By Eric Zanzucchi (@ericzanzucchi)
Census data gathered from July 2010 and 2011 has shown that for the first time since the 1920’s America’s cities are growing at a faster rate than it’s suburbs. This trend is occurring in 27 of America’s 51 biggest metropolitan areas.
The Wall Street Journal authors argue that this is largely because of the housing market situation. While that probably is the straw that broke the camel’s back, I think there are other strong factors that fed into a bucking in this trend.
Car costs are growing exponentially. A new sedan with it’s standard package will cost roughly $20k plus the $4 per gallon do drive into the city to work everyday. By living in the city it’s possible to live a life without a car. I have a 27 year old friend who lives in San Francisco that has never gotten his drivers license. He’s never had to. Everywhere he goes is within thirty minutes either by foot, bus or train.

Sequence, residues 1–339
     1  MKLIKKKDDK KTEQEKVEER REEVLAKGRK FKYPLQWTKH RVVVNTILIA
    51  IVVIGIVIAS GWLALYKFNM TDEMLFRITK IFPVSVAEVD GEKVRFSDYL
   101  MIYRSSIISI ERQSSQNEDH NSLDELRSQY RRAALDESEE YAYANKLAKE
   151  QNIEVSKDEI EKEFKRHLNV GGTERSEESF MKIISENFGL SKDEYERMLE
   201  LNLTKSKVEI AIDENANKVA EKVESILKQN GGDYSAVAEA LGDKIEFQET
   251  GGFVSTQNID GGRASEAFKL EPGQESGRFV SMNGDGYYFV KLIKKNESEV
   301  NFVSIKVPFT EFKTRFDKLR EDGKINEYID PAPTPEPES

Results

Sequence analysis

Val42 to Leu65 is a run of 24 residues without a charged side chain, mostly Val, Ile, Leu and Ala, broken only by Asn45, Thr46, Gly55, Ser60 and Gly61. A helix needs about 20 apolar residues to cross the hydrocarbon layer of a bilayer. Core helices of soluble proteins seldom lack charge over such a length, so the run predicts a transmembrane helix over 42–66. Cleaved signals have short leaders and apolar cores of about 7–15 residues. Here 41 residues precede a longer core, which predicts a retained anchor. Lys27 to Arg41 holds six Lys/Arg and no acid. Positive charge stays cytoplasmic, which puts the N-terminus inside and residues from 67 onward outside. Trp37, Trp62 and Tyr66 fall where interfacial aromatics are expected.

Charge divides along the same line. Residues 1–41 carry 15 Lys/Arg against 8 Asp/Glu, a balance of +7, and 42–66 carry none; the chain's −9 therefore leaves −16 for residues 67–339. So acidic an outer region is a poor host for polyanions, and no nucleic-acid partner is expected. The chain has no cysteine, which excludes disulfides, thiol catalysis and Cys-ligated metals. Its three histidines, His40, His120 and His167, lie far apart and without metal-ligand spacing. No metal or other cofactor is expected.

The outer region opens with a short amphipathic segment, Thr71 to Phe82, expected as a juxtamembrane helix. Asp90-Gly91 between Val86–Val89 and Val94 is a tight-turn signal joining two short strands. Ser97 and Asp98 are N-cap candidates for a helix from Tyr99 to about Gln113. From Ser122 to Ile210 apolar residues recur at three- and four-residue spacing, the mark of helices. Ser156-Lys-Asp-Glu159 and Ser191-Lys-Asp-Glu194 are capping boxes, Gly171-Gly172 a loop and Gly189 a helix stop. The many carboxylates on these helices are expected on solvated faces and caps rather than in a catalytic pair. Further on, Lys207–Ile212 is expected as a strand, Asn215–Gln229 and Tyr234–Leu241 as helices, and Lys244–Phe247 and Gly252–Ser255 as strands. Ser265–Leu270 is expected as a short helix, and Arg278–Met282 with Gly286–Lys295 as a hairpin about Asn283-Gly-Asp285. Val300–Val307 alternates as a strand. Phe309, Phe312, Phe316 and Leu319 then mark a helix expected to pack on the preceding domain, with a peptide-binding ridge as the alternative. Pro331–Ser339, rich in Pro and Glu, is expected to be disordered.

Secondly, the nature of the American lifestyle is changing with every decade. People are getting married later and having children later. The whole appeal of suburban life is that it’s quieter and safer. For single people a life in the city full of events and excitement is much more appealing.
While the economy improves this new trend may reverse itself, but it won’t completely die.